Phone cameras can take in more light than the human eye − that’s why low-light events like the northern lights often look better through your phone camera

OPINION: Technology helps Chilliwack photographer see auroras for ...

Smartphone cameras have significantly improved in recent years. Computational photography and AI allow these devices to capture stunning images that can surpass what we see with the naked eye. Photos of the northern lights, or aurora borealis, provide one particularly striking example.

If you saw the northern lights during the geomagnetic storms in May 2024, you might have noticed that your smartphone made the photos look even more vivid than reality.

Auroras, known as the northern lights (aurora borealis) or southern lights (aurora australis) occur when the solar wind disturbs Earth’s magnetic field. They appear as streaks of color across the sky.

Two images of the northern lights, the left labeled 'eye' and the right labeled 'camera.' The 'eye' image is darker with the colors more muted.

The left side shows the aurora as seen with the naked eye. The right side reveals how a smartphone camera can capture brighter and more colorful lights.
Douglas Goodwin

What makes photos of these events even more striking than they appear to the eye? As a professor of computational photography, I’ve seen how the latest smartphone features overcome the limitations of human vision.

Your eyes in the dark

Human eyes are remarkable. They allow you to see footprints in a sun-soaked desert and pilot vehicles at high speeds. However, your eyes perform less impressively in low light.

Human eyes contain two types of cells that respond to light – rods and cones. Rods are numerous and much more sensitive to light. Cones handle color but need more light to function. As a result, at night our vision relies heavily on rods and misses color.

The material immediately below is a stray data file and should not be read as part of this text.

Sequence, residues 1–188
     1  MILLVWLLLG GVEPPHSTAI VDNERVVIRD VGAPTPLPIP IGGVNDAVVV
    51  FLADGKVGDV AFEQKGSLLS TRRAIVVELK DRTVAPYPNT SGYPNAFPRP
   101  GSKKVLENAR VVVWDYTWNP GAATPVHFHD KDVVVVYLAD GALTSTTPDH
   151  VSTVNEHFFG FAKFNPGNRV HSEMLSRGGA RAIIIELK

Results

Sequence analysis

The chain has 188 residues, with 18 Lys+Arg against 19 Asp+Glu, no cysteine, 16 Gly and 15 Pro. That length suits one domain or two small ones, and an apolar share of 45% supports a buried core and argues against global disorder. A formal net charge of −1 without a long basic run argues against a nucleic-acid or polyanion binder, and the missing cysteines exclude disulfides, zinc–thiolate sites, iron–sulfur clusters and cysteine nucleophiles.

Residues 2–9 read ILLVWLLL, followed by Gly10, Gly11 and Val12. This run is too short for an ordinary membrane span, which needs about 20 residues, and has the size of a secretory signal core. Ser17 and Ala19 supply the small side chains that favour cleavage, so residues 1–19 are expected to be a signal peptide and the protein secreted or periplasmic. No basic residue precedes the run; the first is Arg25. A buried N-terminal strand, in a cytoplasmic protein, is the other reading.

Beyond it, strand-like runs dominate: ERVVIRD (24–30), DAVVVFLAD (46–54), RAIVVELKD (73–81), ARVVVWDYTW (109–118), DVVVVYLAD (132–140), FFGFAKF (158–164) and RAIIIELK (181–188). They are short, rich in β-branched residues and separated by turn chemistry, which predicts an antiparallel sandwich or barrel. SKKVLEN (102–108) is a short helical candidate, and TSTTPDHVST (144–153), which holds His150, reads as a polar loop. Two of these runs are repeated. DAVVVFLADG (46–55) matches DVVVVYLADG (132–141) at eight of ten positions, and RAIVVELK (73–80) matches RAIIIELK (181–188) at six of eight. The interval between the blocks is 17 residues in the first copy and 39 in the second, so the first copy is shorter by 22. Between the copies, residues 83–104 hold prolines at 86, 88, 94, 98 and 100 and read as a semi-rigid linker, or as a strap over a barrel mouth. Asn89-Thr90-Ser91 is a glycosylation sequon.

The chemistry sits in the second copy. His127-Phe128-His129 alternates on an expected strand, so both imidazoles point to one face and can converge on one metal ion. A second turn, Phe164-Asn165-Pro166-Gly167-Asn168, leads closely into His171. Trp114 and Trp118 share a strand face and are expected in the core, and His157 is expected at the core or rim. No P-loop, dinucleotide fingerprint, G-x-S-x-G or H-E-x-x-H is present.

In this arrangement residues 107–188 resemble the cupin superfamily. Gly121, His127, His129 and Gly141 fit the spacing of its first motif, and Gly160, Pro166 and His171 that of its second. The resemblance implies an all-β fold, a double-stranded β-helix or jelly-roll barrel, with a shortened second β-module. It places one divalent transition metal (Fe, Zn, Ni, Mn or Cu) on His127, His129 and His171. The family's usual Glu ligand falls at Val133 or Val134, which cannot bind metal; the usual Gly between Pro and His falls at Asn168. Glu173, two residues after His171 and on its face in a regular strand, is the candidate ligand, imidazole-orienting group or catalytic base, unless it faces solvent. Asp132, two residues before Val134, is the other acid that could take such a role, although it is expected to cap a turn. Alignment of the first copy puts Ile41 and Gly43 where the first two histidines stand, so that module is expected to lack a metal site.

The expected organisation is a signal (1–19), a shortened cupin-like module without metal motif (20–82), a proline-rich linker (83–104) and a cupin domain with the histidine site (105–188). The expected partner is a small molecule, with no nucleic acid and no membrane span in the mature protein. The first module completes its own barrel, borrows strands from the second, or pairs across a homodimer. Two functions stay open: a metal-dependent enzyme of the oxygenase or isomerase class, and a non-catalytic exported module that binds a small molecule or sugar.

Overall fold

A diagram of a human eye, with a zoomed panel showing rod and cone receptors. The rods are cylindrical, while the cones are conical.

Rods and cones in your eyes are photoreceptors that process black and white as well as color.
Blume, C., Garbazza, C. & Spitschan, M., CC BY-SA

The result is like wearing dark sunglasses to watch a movie. At night, colors appear washed out and muted. Similarly, under a starry sky, the vibrant hues of the aurora are present but often too dim for your eyes to see clearly.

In low light, your brain prioritizes motion detection and shape recognition to help you navigate. This trade-off means the ethereal colors of the aurora are often invisible to the naked eye. Technology is the only way to increase their brightness.

Taking the perfect picture

Smartphones have revolutionized how people capture the world. These compact devices use multiple cameras and advanced sensors to gather more light than the human eye can, even in low-light conditions. They achieve this through longer exposure times – how long the camera takes in light – larger apertures and increasing the ISO, the amount of light your camera lets in.

But smartphones do more than adjust these settings. They also leverage computational photography to enhance your images using digital techniques and algorithms. Image stabilization reduces the camera’s shakiness, and exposure settings optimize the amount of light the camera captures.

Multi-image processing creates the perfect photo by stacking multiple images together….

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